New plan would route Georgetown wastewater line around Berry Springs Park

A proposed new route (shown in blue) for Georgetown's Berry Creek wastewater pipeline would bypass Berry Springs Park and Preserve by shifting northeast of the park.

A proposed new route (shown in blue) for Georgetown's Berry Creek wastewater pipeline would bypass Berry Springs Park and Preserve by shifting northeast of the park.

Following the rejection of a proposal for a new wastewater pipeline through Berry Springs Park and Preserve, Georgetown General Manager of Utilities Jim Briggs presented City Council with a new plan Jan. 8 that would sidestep the park but cost more money to build.

Williamson County commissioners voted unanimously Dec. 18 to turn down the city’s plan for a portion of the pipeline, called the Berry Creek Wastewater Interceptor, to run underneath the county-owned park at 1801 CR 152, Georgetown. Opponents of the plan feared the pipeline’s construction and operation could harm the park, which includes protected nature habitats as well as trails, picnic pavilions, campsites and other amenities.

The pipeline would connect the city’s Berry Creek Lift Station on Airport Road west of I-35 to the Pecan Branch Wastewater Treatment Plant on FM 971 east of SH 130.

Briggs said the pipeline’s route could move northeast to bypass the park by running east along Market Street, then turning south along private property adjacent to Dry Berry Creek before continuing toward the treatment plant.

Shifting the route would increase the pipeline’s $25 million construction cost by about 10 percent, Briggs said.

Briggs told council members the pipeline is needed to accommodate population growth and expanding development in northwest Georgetown.

Additional engineering work is needed before the proposal can go to a council vote, Briggs said. The board of directors for Georgetown Utility Systems, an advisory board for the city-owned utility, will also weigh in.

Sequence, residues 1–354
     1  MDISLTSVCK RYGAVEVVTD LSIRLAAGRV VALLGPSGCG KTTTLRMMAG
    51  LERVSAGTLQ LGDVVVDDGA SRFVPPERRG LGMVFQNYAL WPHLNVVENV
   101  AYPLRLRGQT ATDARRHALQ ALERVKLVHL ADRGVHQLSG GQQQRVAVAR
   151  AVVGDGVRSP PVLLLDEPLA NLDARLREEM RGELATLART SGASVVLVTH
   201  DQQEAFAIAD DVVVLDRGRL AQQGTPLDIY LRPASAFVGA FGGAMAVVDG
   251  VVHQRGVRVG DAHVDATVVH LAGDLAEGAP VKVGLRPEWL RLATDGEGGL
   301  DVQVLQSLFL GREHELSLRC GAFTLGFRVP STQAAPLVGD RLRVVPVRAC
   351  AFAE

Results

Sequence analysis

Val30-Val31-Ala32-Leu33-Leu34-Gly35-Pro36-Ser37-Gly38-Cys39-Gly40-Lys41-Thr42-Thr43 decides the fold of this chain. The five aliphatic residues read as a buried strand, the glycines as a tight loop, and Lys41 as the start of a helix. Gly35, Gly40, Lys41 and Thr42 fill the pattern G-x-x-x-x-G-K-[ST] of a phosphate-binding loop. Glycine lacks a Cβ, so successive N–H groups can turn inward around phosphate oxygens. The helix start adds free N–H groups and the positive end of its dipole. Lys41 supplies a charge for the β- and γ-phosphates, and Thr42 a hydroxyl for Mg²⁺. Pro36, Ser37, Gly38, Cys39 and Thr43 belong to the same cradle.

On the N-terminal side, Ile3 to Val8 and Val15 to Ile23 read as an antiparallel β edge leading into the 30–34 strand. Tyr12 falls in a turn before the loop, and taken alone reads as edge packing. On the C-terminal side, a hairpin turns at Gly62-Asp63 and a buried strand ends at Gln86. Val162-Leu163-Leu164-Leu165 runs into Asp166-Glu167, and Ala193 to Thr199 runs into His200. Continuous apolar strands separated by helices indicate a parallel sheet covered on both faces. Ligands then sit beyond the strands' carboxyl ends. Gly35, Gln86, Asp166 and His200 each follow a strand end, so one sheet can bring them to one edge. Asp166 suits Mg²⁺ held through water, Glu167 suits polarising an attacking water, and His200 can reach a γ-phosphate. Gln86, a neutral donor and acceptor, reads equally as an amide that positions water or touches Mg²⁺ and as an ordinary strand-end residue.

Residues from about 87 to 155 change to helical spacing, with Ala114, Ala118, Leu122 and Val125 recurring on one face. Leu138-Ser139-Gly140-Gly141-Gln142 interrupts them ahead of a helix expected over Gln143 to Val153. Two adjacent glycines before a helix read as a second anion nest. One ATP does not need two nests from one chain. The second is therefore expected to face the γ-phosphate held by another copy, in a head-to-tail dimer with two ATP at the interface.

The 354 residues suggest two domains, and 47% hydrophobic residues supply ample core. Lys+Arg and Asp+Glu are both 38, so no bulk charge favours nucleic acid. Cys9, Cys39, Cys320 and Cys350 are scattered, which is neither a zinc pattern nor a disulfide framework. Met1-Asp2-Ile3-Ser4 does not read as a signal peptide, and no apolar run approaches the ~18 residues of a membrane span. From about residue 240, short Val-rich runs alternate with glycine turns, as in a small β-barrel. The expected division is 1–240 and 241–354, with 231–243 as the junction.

Council Member Steve Fought said he liked the fact that the alternative could be developed by the city alone.

“That’s very attractive to me to get it all under one political body,” Fought said. “That way we got the authority to do what we want, and we’re the ones that are held accountable.”

Georgetown Mayor Dale Ross agreed.

“We should try to minimize the interaction with our colleagues over at the Commissioners Court on this,” Ross said. “We don’t really need their help.”

Council Member Rachel Jonrowe told Briggs she wanted additional information regarding the likelihood of leaks or spills from the pipeline, which would be designed to utilize gravity to move wastewater to the treatment plant.

Building a gravity-based pipeline that would include a portion underneath the park was considered the most feasible option in terms of safety and financial cost, Briggs said.

The new alternative would allow the pipeline to still use gravity to move wastewater but would require a lift station, which uses electricity to move water, to provide service to any future development near I-35 and SH 130, he said.

City planning for the pipeline began in 2016, although the need for the line was first identified in 1989 by the Texas Water Development Board’s Wastewater Master Plan.

The council voted in December to award a $5.5 million contract with Austin-based Santa Clara Construction to build a separate portion of the pipeline between Berry Creek near Airport Road and Sun City to the west.